Tempelhof Costs City More When Closed | Germany| News and in-depth reporting from Berlin and beyond | DW | 09.01.2009
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Tempelhof Costs City More When Closed

Tempelhof airport, mothballed in October 2008, is costing Berlin more now that it's closed than it did during its loss-making operational days, with a projected annual deficit of 14 million euros ($19 million).

The entrance hall of the main terminal at Tempelhof airport

The city is currently deciding on how to use Tempelhof in future

According to the state-owned real estate company managing the former airport, Tempelhof is set to be a long-term drain on the city's finances. In the worst-case scenario, the property could accrue annual losses of 14.2 million euros, said Sven Lemiss, the head of Berliner Immobilienmanagement (BIM) in an interview with the Tagesspiegel newspaper. In comparison, while Tempelhof was still operational, it racked up a yearly deficit of some 10 million euros.

So where are the additional costs coming from? Lemiss pointed to a bill from the city's cleaning firm, BSR. Because the airport is closed, it is classed as a normal property, and therefore incurs cleaning fees for the surrounding public roads.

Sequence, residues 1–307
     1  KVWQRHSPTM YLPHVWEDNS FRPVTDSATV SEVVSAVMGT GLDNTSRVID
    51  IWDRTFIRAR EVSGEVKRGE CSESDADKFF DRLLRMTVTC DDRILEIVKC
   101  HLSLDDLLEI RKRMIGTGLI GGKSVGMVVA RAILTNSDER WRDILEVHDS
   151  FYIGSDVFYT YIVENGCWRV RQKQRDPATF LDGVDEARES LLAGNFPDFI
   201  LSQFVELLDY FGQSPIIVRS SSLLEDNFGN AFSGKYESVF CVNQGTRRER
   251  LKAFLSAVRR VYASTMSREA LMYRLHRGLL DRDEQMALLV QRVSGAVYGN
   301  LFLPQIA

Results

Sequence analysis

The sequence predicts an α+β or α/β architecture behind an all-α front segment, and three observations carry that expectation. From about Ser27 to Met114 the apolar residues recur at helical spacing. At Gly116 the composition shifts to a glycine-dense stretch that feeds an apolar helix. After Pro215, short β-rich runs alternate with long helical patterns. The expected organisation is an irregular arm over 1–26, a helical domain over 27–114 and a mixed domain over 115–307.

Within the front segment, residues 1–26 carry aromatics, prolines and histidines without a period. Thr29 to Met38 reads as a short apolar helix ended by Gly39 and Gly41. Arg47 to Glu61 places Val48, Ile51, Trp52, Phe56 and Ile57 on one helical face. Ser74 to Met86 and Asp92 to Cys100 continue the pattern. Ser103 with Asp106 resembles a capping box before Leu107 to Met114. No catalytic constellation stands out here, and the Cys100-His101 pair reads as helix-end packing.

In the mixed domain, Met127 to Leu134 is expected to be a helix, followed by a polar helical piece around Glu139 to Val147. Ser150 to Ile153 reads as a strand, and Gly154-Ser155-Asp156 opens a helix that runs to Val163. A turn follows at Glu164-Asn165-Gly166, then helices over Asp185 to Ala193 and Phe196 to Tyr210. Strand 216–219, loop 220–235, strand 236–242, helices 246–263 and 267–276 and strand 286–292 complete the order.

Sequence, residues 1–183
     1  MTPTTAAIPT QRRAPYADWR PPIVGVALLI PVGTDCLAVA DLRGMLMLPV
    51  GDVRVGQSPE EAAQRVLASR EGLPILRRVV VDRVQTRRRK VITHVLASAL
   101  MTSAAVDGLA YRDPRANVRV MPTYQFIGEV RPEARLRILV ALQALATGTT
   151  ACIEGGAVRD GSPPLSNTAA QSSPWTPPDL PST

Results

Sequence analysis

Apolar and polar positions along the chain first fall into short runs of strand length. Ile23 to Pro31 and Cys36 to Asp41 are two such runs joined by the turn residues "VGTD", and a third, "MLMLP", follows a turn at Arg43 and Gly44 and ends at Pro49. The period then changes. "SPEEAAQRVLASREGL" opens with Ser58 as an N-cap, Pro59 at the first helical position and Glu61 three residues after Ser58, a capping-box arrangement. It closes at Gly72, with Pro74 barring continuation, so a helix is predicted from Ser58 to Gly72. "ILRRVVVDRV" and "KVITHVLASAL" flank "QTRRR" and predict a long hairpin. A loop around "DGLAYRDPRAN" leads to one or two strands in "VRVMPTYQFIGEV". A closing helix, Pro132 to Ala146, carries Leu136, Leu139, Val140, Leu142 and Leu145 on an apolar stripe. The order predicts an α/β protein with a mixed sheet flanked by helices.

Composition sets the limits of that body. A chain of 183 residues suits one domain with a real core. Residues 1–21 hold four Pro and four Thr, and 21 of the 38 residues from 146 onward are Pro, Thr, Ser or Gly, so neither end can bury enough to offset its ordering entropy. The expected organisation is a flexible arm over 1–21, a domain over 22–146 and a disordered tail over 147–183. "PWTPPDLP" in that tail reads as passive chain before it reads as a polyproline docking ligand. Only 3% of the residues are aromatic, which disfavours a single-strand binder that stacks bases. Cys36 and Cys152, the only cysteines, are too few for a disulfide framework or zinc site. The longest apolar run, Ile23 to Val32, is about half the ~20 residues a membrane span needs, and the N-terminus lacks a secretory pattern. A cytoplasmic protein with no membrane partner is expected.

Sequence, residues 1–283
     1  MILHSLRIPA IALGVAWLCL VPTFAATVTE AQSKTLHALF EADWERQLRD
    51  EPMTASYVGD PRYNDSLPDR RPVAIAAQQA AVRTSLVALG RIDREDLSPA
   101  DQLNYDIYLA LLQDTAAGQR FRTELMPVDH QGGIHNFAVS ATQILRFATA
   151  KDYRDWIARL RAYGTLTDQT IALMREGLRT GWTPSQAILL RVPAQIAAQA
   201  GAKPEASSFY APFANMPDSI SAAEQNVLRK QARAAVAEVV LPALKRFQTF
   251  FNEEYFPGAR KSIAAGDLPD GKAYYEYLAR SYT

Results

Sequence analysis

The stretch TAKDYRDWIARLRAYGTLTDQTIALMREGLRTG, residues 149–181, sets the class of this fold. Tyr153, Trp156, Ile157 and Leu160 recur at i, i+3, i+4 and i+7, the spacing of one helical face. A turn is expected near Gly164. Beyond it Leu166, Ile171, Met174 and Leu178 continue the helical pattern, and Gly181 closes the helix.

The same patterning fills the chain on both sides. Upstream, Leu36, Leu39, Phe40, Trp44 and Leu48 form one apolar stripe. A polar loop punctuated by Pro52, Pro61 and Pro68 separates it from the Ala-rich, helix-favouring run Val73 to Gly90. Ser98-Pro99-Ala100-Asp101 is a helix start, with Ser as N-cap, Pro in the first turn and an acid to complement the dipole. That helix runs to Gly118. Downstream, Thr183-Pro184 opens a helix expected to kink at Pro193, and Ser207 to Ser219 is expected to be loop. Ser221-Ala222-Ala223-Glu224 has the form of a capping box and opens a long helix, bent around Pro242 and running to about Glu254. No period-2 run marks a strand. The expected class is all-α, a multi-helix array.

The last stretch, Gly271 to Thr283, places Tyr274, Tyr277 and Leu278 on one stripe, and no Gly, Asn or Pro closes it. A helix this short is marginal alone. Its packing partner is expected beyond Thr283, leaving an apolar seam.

"That amounts to a seven-figure bill," Lemiss said. In BIM's view, these costs could be avoided should Tempelhof continue to be classed as a special property to which the street cleaning fees do not apply.

Tempelhof's losses used to be absorbed by the airport operator. Now though, the burden falls to the government, which closed down the historic airfield before a plan for its future use had been approved.

Currently, the police force is leasing space in the former terminal, and BIM says it has plans to lease more space to both businesses and cultural organizations.

Babelsberg keen to acquire space

Gateway to Babelsberg Film Studios

Babelsberg is facing capacity problems and thinks Tempelhof is the answer

The most promising proposal, though, comes from Babelsberg Film Studios, currently housed in a suburb of Potsdam some 30 kilometers southwest of Berlin. Thanks to increased international film production demands, Babelsberg needs more capacity. Its bosses would like to transform Tempelhof into a major movie production center in the heart of Berlin.

Besides making use of Tempelhof's voluminous airport hangars, Babelsberg company chiefs say their plans would involve the creation of a public events center, along with offices and apartment complexes for film workers and artists.

Babelsberg chief Carl Woebcken said that, if approved by the Berlin authorities, the project will enable the historic film company to "greatly expand studio production capacity."

The Berlin Senate is currently running an "ideas competition" for Tempelhof, with a decision expected at the end of January for the site's future use.

Other proposals that were being considered before the closure included maintaining Tempelhof as a short-haul inner city airport, and converting it into a medical center with convenient airport facilities.

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